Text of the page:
Army makes progress on IRR mobilization
By Sgt. Reeba Critser
October 5, 2004
WASHINGTON (Army News Service, Oct. 1, 2004) - More than 1,100 Soldiers in the Individual Ready Reserve have reported to duty since the Army received its mobilization authority four months ago.
"The plan discussed in June is working," said Brig. Gen. Sean J. Byrne, director of military personnel policy, G-1, at a Pentagon press conference Oct. 1.
According to that plan, IRR Soldiers receive notice by Western Union mailgrams and have at least 30 days from the time they receive the orders to report. The earliest report date was Aug. 31. Byrne said the Soldiers will serve in Operations Noble Eagle, Enduring Freedom or Iraqi Freedom.
The Army's goal is to have up to 4,402 on duty by March.
The 1,143 IRR Soldiers who have reported so far are mobilized to one of five posts:
o Fort Jackson, S.C.
o Fort Leonard Wood, Mo.
o Fort Sill, Okla.
o Fort Knox, Ky.
o Fort Benning, Ga.
While there, they get their clothing issue and military equipment, receive training in common tasks, and they may go on to another post for MOS-specific refreshers before they're assigned to a Reserve, National Guard or active-duty unit.
By the time they're done with training, "they will be indistinguishable from the active-duty Soldiers they are serving with," Byrne said.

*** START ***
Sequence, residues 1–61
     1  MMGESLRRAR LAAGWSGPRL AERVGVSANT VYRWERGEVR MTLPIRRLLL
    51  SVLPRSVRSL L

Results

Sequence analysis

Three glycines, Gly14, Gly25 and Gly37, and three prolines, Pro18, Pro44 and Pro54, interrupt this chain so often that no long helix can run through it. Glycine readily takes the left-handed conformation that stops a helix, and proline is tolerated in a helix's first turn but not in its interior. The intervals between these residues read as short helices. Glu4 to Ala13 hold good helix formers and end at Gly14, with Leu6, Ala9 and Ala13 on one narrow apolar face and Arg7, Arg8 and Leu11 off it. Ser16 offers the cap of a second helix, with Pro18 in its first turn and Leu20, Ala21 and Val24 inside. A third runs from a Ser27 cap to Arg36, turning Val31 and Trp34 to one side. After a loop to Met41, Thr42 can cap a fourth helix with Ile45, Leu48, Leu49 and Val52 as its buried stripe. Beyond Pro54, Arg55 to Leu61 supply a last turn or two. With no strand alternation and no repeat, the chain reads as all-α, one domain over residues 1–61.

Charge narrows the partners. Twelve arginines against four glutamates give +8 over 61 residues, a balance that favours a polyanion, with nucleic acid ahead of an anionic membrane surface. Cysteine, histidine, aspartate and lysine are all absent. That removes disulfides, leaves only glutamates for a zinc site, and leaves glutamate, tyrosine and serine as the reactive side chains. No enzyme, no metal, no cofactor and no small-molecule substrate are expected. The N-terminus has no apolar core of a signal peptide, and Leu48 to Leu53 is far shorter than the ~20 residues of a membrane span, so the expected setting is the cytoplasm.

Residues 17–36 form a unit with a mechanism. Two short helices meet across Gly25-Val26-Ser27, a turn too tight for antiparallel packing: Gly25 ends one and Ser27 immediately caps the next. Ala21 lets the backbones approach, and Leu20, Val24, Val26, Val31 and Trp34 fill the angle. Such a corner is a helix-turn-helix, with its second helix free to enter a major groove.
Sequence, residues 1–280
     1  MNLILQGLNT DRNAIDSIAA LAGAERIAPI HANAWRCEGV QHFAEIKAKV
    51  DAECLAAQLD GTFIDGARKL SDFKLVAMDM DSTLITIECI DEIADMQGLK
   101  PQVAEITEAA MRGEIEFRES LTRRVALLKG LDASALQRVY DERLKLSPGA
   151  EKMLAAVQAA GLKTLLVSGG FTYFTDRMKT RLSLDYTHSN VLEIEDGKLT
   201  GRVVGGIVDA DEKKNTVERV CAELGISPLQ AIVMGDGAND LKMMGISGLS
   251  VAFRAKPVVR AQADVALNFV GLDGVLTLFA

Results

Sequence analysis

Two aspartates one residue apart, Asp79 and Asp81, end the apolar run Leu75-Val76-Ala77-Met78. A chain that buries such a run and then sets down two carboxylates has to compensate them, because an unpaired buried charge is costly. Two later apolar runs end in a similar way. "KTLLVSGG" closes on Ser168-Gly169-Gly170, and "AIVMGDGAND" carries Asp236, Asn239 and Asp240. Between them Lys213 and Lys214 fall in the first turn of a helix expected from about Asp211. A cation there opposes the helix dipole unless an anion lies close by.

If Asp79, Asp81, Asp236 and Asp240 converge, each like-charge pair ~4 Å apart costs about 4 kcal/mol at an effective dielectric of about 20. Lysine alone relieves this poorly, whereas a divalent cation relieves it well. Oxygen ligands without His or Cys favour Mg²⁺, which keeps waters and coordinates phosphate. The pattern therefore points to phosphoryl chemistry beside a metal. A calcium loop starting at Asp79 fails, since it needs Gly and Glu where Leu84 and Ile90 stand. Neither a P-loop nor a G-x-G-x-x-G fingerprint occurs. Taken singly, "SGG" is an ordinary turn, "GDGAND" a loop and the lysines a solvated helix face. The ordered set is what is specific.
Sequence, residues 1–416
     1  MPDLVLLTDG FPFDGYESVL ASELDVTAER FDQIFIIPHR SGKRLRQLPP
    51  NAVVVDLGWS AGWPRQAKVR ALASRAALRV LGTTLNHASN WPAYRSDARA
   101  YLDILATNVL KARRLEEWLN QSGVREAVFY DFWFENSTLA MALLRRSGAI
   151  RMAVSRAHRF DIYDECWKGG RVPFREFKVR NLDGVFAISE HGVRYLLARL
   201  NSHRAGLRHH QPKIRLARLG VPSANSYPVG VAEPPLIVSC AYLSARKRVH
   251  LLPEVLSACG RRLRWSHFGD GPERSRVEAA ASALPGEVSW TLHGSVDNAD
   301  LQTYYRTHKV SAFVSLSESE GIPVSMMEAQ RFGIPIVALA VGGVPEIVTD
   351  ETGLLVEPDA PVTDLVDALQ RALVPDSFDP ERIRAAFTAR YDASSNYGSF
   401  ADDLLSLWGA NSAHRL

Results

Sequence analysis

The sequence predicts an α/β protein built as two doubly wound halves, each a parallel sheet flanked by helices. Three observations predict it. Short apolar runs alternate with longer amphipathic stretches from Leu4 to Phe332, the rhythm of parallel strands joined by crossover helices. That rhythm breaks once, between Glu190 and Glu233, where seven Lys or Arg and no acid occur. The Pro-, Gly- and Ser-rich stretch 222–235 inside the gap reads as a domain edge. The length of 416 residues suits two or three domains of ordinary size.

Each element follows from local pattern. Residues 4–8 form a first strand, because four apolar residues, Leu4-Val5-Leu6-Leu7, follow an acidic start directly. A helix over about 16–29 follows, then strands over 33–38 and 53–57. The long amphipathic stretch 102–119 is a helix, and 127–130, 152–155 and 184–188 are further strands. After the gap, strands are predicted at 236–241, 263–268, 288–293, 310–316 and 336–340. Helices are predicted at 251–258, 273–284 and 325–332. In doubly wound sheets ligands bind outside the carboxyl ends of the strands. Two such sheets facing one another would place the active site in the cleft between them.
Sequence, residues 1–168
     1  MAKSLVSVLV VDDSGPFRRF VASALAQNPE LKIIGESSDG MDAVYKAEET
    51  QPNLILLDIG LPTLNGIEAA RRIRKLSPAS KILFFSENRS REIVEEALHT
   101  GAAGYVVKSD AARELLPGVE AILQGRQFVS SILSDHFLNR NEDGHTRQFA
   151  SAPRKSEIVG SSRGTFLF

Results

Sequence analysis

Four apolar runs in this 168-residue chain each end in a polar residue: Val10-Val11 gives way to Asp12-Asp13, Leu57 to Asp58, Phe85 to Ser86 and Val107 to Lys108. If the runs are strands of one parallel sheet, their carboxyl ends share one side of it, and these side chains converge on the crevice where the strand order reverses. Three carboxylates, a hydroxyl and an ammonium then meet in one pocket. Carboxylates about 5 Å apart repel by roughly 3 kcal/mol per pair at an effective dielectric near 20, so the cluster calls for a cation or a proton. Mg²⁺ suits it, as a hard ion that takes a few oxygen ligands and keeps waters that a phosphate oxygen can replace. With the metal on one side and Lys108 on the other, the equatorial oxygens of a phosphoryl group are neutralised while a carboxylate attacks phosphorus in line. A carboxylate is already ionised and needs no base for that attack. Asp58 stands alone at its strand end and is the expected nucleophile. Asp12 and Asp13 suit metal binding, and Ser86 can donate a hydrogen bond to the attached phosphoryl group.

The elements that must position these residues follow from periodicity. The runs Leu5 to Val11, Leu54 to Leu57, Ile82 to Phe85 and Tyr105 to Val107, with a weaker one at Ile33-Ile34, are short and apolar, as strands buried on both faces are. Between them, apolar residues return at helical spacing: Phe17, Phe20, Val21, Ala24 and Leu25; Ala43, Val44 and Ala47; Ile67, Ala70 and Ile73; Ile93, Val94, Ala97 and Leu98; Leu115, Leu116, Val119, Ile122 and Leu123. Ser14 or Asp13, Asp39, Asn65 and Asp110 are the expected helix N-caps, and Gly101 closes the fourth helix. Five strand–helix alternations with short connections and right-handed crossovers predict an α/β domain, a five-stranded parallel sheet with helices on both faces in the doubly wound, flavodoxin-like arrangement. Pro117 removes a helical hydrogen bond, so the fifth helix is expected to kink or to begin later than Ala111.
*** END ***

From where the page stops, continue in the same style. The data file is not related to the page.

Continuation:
Of the almost 4,000 IRR Soldiers who currently have been issued orders, about half have report dates in October or later.
One of the challenges lies with Soldiers who need delays or exemptions. The Army is working one-on-one with 400 Soldiers whose report dates have passed to resolve their issues, officials said.
As of Sept. 28, only 1,374 of those who have orders have requested a delay or exemption. Of those, the Army has approved 373 and disapproved only 16.
Primary reasons that IRR Soldiers request delays or exemptions, officials said, include:
o medical problems
o higher education attendance
o family care problems
o financial hardships.
"IRR is different from active duty," Byrne said. "We know and understand that. That's why we're working with them individually. We're amenable based on their individual needs. We'll defer the date as needed."
Another challenge lays in finding the IRR Soldier. Human Resources Command-St. Louis is still attempting to contact about 200 Soldiers whose report dates have passed.
"We make every effort to track them down," said Robert H. Smiley, principal assistant for training, readiness and mobilization, Office of the Assistant Secretary of the Army for Manpower and Reserve Affairs. "Some Soldiers have moved three or four times since they got out of active duty."
The Army is still accepting volunteers from the IRR. Since Sept. 11, 2001, Smiley said the Army had 10,000 Soldiers, including many IRR members, volunteer to return to active duty, "but only 1,100 fit the bill" for the Army's needs.
The Army still needs Soldiers in MOSs that include transportation, administration, food service, petroleum supply, various maintenance positions, construction and logistics.
Smiley said the Army is "looking at a similar dip in the IRR pool next year."
As of Sept. 29, 114,000 Soldiers are in the IRR.
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